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Mars or Your Eyes? Astronauts Could Go Blind, Rapid Visual Decline Explained in New Study

Nov 29, 2016 10:47 PM EST
In Focus: Scott Kelly's Year In Space
NASA’s Scott Kelly complained of blurry vision when he got back to Earth after a lengthy space mission.
(Photo : NASA via Getty Images)

Blurred version and other weird eye problems are common complaints among astronauts who have just got back to Earth after a recent trip to outer space. NASA's Scott Kelly is one of them.

A new study sheds light on the issue. Presented last November 28 at the annual meeting of the Radiological Society of North America (RSNA), the study revealed that visual problem affecting astronauts who serve on lengthy missions in space is related to volume changes in the clear fluid that is found around the brain and spinal cord.

"People initially didn't know what to make of it, and by 2010 there was growing concern as it became apparent that some of the astronauts had severe structural changes that were not fully reversible upon return to earth," said the study lead author Noam Alperin, Ph.D., professor of radiology and biomedical engineering at the University of Miami Miller School of Medicine in Miami, Florida, the Daily Mail writes.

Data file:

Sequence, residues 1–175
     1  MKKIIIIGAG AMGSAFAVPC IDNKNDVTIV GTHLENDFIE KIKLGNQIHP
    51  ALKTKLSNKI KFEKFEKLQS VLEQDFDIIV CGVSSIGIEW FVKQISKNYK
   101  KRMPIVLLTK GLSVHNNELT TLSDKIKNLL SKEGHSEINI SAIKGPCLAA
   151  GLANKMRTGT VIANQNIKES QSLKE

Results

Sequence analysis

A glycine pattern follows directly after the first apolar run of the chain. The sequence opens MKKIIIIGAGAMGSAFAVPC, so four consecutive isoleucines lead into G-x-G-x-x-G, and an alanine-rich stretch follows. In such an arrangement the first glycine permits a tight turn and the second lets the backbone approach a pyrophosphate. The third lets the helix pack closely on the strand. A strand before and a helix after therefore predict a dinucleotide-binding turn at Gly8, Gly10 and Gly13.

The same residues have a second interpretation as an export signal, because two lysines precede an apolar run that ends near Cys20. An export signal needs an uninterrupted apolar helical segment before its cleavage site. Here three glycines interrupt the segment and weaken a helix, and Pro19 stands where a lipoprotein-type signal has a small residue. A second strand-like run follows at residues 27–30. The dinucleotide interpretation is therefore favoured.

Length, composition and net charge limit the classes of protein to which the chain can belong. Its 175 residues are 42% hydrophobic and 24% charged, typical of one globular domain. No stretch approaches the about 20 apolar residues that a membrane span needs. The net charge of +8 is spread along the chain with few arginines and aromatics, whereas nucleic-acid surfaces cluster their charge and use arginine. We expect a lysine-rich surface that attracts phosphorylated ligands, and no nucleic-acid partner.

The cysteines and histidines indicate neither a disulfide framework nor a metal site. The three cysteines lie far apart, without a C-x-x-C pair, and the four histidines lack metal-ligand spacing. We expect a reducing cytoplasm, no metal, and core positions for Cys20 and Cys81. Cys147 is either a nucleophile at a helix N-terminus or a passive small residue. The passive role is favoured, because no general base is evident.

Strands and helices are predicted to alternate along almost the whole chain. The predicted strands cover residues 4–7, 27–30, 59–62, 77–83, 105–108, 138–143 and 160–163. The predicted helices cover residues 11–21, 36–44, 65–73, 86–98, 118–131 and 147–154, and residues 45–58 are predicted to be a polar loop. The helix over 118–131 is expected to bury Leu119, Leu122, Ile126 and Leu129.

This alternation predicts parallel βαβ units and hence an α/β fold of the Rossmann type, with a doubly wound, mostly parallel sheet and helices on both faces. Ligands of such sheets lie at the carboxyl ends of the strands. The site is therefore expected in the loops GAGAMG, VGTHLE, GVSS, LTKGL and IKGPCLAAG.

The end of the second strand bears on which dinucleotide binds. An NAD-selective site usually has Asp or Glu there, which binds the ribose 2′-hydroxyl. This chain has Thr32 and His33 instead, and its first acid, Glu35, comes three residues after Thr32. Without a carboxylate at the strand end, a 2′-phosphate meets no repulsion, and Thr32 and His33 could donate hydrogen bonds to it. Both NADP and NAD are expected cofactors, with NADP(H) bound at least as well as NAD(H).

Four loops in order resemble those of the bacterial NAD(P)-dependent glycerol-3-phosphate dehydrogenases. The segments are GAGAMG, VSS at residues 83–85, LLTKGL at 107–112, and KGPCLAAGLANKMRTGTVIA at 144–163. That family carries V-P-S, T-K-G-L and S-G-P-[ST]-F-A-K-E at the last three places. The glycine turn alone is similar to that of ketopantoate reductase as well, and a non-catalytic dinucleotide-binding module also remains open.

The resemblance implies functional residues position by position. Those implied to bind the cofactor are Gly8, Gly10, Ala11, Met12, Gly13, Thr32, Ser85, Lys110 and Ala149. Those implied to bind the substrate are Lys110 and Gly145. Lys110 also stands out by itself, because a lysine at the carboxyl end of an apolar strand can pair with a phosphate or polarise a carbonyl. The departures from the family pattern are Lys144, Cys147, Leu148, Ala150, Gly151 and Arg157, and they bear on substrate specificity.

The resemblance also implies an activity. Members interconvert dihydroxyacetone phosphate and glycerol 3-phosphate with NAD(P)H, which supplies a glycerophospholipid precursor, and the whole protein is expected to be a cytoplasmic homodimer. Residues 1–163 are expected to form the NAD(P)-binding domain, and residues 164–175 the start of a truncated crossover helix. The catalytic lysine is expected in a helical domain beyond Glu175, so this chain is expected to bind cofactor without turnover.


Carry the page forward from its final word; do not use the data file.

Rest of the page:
In an article by Eureka Alert, the syndrome, known as visual impairment intracranial pressure (VIIP), was reported in nearly two-thirds of astronauts after long-duration missions aboard the International Space Station (ISS).

According to the study, scientists initially thought that the reason behind astronauts' vision problem was a shift of vascular fluid toward the upper body that occurs when astronauts spend time in the microgravity of space. However, Dr. Alperin's team probed another possible source for the problem: cerebrospinal fluid (CSF), the clear fluid that helps cushion the brain and spinal cord while circulating nutrients and removing waste materials.

"On earth, the CSF system is built to accommodate these pressure changes, but in space the system is confused by the lack of the posture-related pressure changes.The research provides, for the first time, quantitative evidence obtained from short- and long-duration astronauts pointing to the primary and direct role of the CSF in the globe deformations seen in astronauts with visual impairment syndrome," Dr. Alperin added.

Emphasizing its importance, he warned that if the ocular structural deformations are not identified early, astronauts could suffer irreversible damage. As the eye globe becomes more flattened, the astronauts become hyperopic, or far-sighted. Dr. Alperin mentioned NASA is already looking into several possible measures to simulate the conditions that lead to VIIP and testing various countermeasures.

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